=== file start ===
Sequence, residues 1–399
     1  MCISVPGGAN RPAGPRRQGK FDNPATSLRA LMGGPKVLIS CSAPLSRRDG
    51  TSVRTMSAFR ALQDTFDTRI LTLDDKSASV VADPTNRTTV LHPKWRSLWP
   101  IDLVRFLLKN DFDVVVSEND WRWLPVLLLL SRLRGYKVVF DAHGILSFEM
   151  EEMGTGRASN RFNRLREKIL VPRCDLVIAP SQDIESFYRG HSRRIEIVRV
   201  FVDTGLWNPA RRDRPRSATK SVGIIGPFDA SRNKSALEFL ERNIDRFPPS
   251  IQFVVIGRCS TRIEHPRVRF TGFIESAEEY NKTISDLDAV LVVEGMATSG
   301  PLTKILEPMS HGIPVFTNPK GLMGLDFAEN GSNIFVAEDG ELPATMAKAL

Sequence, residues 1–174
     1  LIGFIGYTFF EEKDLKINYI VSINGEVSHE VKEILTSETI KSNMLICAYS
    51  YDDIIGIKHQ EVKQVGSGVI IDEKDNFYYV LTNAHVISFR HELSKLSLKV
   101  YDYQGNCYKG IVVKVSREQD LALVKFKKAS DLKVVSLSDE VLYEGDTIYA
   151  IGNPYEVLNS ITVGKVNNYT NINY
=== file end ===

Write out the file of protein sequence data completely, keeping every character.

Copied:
Sequence, residues 1–399
     1  MCISVPGGAN RPAGPRRQGK FDNPATSLRA LMGGPKVLIS CSAPLSRRDG
    51  TSVRTMSAFR ALQDTFDTRI LTLDDKSASV VADPTNRTTV LHPKWRSLWP
   101  IDLVRFLLKN DFDVVVSEND WRWLPVLLLL SRLRGYKVVF DAHGILSFEM
   151  EEMGTGRASN RFNRLREKIL VPRCDLVIAP SQDIESFYRG HSRRIEIVRV
   201  FVDTGLWNPA RRDRPRSATK SVGIIGPFDA SRNKSALEFL ERNIDRFPPS
   251  IQFVVIGRCS TRIEHPRVRF TGFIESAEEY NKTISDLDAV LVVEGMATSG
   301  PLTKILEPMS HGIPVFTNPK GLMGLDFAEN GSNIFVAEDG ELPATMAKAL

Sequence, residues 1–174
     1  LIGFIGYTFF EEKDLKINYI VSINGEVSHE VKEILTSETI KSNMLICAYS
    51  YDDIIGIKHQ EVKQVGSGVI IDEKDNFYYV LTNAHVISFR HELSKLSLKV
   101  YDYQGNCYKG IVVKVSREQD LALVKFKKAS DLKVVSLSDE VLYEGDTIYA
   151  IGNPYEVLNS ITVGKVNNYT NINY